The Soviet Empire Collapses
The end of the Berlin Wall ('Thanks, Gorby!')
Without the military support of Moscow, the Soviet satellites of Eastern Europe collapsed easily under pressure from below.
In Poland mass strikes and protests forced the Communists into round-table talks with Solidarity, which won sweeping victories in semi-free elections in 1989. Communist authority was undermined. Wojciech Jaruzelski, who had led the military government from 1981, resigned as President and Tadeusz Mazowiecki, the Solidarity activist and soft-spoken Catholic intellectual, became Prime Minister, the first non-Communist to lead a government in Eastern Europe for forty years, in September 1989.
In Hungary the ageing Kadar was removed from power in May 1988. The Communists began talks with opposition activists in the Democratic Forum, which emerged as the largest party in the 1990 elections.
In the GDR problems began when the Hungarians opened the border to Austria and thousands of East Germans passed through to the West. Attempts to stem the exodus led to mass protests. Led to believe that the Berlin Wall was open, tens of thousands of East Germans arrived at the border from 9 November. Without clear instructions, the guards let them through. The Wall came down. Over 120,000 citizens left the GDR before the end of 1989.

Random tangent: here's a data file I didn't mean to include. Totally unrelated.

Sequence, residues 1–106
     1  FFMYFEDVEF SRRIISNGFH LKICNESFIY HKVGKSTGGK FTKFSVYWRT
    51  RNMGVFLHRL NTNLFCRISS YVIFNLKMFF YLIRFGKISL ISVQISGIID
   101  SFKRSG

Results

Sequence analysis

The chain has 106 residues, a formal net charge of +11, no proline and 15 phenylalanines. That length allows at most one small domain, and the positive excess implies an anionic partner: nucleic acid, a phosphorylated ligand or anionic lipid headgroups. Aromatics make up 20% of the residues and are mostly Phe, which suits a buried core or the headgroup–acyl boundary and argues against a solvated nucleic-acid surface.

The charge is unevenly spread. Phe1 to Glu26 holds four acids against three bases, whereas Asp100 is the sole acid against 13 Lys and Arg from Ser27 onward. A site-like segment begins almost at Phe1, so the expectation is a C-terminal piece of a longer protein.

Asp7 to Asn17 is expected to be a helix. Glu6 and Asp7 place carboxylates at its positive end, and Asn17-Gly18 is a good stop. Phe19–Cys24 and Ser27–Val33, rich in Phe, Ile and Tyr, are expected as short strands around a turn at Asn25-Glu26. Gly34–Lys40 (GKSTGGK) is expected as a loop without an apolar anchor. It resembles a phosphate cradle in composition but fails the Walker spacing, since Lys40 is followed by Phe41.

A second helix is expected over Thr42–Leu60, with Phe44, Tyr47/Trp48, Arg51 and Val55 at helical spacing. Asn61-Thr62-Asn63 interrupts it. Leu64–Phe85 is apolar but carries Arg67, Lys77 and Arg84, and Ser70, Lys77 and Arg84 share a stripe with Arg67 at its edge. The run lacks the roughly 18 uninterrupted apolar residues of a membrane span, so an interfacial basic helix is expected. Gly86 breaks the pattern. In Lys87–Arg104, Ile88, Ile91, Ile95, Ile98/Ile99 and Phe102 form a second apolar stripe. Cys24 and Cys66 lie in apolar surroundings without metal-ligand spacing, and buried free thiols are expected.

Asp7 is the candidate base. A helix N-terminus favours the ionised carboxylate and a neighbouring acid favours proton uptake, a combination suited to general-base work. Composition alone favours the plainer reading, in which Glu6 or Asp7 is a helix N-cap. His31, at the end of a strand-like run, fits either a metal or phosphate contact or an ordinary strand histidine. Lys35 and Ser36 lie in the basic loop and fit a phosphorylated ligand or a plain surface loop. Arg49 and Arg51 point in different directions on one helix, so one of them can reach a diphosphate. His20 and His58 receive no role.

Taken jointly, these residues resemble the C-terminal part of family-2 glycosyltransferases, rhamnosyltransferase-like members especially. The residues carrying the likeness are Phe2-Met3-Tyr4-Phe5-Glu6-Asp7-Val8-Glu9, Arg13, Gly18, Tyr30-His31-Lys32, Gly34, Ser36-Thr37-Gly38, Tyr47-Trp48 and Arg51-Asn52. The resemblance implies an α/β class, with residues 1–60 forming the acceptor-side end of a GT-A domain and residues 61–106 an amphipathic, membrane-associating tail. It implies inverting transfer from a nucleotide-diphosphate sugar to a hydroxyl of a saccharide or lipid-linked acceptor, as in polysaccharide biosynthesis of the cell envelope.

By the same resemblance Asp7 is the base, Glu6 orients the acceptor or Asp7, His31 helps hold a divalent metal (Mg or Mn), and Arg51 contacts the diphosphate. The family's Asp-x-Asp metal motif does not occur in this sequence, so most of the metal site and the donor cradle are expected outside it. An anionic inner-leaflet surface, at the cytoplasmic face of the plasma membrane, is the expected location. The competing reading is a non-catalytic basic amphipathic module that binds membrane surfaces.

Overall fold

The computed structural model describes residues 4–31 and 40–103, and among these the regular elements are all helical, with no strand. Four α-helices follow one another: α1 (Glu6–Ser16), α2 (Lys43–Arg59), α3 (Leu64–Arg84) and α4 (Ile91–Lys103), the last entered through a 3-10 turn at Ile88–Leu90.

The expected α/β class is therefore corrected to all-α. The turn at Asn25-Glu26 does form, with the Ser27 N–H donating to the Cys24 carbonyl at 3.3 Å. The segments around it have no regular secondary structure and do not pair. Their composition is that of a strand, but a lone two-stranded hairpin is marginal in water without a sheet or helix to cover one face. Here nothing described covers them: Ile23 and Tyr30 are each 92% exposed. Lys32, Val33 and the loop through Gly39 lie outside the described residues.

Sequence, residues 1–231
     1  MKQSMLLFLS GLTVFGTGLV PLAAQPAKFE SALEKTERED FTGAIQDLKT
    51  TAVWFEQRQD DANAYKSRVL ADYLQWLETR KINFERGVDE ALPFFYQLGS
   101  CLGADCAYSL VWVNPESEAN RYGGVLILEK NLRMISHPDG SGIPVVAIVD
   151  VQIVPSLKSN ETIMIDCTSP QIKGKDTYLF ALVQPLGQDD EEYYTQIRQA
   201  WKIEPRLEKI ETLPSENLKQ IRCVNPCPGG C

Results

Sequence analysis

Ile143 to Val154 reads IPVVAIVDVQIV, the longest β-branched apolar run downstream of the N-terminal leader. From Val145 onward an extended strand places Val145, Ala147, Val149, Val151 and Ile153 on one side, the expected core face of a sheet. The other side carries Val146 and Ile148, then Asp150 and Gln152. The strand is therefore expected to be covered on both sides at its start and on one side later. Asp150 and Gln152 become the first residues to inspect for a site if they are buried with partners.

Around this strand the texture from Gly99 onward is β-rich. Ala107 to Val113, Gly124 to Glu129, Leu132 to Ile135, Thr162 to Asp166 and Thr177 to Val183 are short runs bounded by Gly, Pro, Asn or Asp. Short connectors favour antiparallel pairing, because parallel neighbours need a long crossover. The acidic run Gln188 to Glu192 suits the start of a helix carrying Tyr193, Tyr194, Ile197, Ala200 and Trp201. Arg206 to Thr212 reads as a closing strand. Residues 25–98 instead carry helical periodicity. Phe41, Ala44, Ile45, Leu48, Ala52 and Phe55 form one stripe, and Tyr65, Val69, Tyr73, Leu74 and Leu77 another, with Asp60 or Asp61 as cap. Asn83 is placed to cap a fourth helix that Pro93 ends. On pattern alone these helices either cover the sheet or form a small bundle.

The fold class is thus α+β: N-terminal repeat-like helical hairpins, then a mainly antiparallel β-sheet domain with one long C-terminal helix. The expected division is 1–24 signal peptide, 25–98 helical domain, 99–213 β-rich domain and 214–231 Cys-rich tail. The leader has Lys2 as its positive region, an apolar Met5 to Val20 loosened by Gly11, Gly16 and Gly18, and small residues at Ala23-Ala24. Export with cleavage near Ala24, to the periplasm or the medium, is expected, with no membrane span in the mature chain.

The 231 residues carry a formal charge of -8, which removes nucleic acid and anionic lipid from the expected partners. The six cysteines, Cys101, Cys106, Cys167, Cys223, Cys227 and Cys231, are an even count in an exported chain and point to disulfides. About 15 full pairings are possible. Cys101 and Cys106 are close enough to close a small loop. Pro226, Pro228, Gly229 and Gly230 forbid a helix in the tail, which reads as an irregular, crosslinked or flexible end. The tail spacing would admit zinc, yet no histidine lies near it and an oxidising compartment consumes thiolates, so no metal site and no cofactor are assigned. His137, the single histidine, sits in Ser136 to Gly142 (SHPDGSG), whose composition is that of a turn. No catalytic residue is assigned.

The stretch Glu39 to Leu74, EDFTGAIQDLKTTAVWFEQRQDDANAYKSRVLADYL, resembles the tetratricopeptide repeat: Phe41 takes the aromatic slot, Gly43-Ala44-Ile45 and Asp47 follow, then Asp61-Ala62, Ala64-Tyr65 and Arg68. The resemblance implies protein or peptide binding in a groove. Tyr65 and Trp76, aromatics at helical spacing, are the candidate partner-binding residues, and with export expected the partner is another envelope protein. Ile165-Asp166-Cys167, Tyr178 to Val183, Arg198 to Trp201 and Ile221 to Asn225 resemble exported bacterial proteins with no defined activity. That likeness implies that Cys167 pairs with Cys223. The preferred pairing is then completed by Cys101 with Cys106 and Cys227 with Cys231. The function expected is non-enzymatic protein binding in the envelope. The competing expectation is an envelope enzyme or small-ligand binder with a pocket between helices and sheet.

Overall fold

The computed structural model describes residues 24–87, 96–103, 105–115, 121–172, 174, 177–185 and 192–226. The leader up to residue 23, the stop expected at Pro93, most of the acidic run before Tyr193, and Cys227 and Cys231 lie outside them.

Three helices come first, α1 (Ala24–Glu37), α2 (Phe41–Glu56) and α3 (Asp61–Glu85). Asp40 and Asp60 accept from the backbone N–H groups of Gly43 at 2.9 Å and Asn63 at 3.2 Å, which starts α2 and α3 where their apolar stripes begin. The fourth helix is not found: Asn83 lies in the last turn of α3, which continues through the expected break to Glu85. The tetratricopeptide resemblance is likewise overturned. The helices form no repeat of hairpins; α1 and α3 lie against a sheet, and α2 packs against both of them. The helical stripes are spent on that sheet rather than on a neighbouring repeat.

The fall of the Wall inspired student demonstrations in Czechoslovakia which quickly spread into a wider protest movement organized around a Civic Forum organized by Vaclav Havel and other dissidents. The Communist regime conceded free elections and resigned from power, allowing Havel to become President on 29 December by a unanimous vote of the Federal Assembly confirmed six months later by the people.